Turkish authorities at the border block refugees until there is space in their camps. Officials say usually a few hundred are accepted each day. Most must wait up to 40 days for their turn and must stay in Syrian camps until then.

Those refugees who leave are quickly replaced by others who have been waiting deeper inside Syria. Often, more arrive than can be accommodated and are sent back.

Abu Mustafa, a painter from Azaz in northern Syria, said, “It's a bad situation. We don't have clean water. We don't have food. The tents can't stand up against the wind. We worry about winter coming.”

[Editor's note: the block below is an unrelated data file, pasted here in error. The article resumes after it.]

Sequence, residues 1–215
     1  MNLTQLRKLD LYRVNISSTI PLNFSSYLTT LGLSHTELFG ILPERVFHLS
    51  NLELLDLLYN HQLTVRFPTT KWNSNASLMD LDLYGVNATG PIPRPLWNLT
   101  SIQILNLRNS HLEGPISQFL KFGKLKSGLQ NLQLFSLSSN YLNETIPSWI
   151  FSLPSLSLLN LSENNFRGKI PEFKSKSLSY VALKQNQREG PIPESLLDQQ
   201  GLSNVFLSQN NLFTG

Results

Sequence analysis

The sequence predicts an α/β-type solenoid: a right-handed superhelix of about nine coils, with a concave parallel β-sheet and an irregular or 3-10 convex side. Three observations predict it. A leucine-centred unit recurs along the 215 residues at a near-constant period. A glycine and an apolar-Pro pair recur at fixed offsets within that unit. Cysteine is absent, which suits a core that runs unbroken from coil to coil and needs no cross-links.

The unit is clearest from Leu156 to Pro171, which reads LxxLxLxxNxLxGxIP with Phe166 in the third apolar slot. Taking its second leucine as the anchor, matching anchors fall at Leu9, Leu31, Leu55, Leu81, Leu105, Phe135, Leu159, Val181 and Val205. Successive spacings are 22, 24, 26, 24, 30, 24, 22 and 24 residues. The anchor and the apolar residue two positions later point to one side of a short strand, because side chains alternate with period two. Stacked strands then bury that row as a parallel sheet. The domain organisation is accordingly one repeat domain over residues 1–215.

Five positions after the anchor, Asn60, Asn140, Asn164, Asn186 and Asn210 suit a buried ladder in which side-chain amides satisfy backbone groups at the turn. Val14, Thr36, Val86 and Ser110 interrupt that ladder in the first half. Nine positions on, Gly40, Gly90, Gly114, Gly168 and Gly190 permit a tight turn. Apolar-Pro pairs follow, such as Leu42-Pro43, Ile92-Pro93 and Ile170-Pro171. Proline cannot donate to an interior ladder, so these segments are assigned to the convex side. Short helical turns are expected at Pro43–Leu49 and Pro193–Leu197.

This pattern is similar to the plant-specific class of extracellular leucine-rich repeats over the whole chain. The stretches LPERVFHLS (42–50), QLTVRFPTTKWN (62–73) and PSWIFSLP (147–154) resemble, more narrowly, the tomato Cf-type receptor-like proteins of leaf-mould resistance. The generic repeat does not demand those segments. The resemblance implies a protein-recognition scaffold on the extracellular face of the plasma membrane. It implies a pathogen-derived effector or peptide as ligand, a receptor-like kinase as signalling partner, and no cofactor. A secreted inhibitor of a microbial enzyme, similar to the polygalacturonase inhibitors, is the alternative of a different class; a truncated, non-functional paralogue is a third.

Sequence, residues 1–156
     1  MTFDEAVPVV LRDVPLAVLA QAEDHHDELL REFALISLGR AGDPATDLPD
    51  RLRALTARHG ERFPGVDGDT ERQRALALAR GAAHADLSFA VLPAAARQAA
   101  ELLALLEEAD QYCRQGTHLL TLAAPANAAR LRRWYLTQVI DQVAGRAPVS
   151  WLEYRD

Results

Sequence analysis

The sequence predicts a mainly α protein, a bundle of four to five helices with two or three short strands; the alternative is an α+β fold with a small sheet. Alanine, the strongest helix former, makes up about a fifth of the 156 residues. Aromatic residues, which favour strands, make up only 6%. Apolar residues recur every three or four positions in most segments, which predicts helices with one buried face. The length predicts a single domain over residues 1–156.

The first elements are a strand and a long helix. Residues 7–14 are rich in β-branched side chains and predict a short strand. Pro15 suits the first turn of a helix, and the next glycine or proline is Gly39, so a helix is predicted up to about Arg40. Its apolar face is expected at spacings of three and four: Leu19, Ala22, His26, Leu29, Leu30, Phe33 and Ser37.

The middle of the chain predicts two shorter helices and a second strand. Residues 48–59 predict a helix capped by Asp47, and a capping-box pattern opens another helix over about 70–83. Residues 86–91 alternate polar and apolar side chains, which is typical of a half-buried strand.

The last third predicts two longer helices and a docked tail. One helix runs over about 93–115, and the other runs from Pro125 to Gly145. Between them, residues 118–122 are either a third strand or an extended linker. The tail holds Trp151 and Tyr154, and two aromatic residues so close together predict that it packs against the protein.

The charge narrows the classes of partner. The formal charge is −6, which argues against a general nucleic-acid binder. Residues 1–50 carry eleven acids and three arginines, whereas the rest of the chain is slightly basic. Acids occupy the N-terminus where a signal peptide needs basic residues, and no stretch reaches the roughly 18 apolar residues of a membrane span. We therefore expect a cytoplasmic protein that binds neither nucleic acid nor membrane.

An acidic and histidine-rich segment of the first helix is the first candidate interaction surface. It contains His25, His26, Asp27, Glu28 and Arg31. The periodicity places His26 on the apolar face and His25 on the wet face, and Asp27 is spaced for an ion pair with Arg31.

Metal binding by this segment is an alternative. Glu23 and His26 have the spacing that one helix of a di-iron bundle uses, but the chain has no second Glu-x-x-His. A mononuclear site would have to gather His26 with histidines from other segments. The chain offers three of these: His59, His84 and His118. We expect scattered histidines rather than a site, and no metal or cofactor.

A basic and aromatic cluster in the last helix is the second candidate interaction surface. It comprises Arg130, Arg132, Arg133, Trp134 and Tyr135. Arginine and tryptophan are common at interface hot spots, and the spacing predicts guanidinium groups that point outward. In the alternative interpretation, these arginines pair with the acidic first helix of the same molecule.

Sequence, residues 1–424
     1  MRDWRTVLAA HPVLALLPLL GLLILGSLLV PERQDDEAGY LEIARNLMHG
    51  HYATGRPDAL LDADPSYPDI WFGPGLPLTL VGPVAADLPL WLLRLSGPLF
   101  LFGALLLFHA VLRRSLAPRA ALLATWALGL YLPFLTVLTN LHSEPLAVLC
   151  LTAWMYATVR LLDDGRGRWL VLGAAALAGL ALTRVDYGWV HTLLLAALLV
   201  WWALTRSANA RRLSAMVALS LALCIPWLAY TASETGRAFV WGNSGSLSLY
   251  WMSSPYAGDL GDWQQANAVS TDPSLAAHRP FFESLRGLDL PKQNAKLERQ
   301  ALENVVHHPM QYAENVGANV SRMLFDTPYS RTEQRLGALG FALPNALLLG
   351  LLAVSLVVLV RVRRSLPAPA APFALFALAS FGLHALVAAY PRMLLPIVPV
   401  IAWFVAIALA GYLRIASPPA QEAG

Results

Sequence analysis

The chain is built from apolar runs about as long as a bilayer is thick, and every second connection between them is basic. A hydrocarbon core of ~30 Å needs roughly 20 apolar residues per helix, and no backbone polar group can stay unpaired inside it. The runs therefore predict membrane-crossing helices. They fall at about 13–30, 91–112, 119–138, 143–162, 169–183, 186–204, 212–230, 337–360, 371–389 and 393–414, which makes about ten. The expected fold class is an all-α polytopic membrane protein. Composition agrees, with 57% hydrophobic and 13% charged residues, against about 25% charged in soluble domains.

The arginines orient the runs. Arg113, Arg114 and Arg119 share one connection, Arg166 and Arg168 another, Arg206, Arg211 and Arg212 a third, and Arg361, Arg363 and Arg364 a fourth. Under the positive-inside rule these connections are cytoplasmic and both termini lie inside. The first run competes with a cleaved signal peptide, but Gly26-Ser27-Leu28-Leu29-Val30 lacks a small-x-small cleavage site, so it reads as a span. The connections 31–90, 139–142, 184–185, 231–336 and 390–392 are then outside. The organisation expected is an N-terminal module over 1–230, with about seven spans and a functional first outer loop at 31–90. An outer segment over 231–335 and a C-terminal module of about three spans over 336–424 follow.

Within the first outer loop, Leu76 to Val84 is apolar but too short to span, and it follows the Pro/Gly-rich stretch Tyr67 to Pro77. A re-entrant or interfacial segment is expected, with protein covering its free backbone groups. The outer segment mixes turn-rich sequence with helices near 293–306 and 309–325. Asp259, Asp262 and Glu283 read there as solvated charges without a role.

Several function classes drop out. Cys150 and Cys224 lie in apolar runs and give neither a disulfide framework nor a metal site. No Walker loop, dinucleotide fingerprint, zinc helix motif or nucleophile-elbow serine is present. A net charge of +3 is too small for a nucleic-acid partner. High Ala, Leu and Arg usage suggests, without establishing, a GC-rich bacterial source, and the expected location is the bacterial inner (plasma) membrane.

Syrian and Turkish relief workers struggle to provide food, water and shelter to people who still fear air attacks by Syrian government forces. A shell last week landed a few hundred meters from this camp.

Syrians say they want a no-fly zone at least around the camps. But this has not come. And everyday thousands more arrive, traumatized by the violence and doubtful that it will end anytime soon.

You May Like

University of Michigan Wins Solar Car Race

Squad guided its student-designed solar-powered vehicle to fifth consecutive time victory in eight-day bi-annual American Solar Challenge More

Nigerian Islamic School Tries to Combat Boko Haram

Kaduna school headmaster teaches his students that what militants are doing is are doing is 'a total misunderstanding of the Islamic religion' More

University Trains Students to Advocate for Deaf People Worldwide

Program prepares graduates to advocate internationally for access to education, jobs for people with disabilities More

This forum has been closed.
Comment Sorting
Comments